#1: Move at your own pace. When I became interested in raw food, most of the literature I read and my social influences suggested that I had to be 100% raw right away. Transitioning was not really discussed, so I did not really see it as an option at first. Raw food seemed like an all or nothing proposition. But, I was honest with myself about what was achievable at that time. I found that I needed some time to become familiar with foods that were available in my area and how to prepare them. At the time, I was living in New England and it was winter. The fruits available were bananas, oranges, apples, pears, grapes, dried papaya spears, raisins, and a few other choices. Available leafy greens included three different types of lettuce, spinach, and other greens that I had never tried, like kale. I had a low-power blender that I used to make “smoothies” that were more lumpy than smooth. A super-enthused raw friend of mine used to call my smoothies “chunkies”.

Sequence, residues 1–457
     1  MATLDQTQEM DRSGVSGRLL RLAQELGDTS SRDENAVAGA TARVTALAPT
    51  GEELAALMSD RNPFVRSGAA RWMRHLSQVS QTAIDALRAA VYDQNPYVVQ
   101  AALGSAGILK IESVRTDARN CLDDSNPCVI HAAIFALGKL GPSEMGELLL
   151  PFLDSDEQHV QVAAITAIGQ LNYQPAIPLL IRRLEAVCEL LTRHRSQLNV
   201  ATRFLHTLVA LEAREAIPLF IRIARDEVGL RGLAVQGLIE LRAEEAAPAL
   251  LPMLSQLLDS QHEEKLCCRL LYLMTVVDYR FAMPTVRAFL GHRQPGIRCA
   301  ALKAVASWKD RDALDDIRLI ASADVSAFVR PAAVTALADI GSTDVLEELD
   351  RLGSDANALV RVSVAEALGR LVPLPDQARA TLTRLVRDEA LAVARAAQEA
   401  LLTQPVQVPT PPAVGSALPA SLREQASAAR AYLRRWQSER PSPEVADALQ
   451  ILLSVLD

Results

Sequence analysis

These and other day to day considerations that one needs to address when getting started with raw food became part of my own self-stylized transition that progressed as I became more educated. Another fellow raw food enthusiast from those days went 100% raw overnight, saying that she would never eat anything cooked ever again. This lasted three months, and shortly thereafter she lost interest in healthy eating because maintaining 100% raw was too restrictive for her. All too often I see people leave raw food discouraged for this same reason.
Where am I now? Currently, I am somewhere between 90 and 100% raw and this percentage has varied over the years, depending on my situation. Percentages differ per person and I encourage you to find the percentage that works best for you. The most successful long-term raw food enthusiasts understand this idea and tend to be flexible with their approach depending on their personal needs and situation. What dietary approach gives you the results you are looking for and is sustainable right now? What approach will be sustainable long term? I have found that research, experience, and education combined were the best training, and the approach that worked best for me revealed itself in time.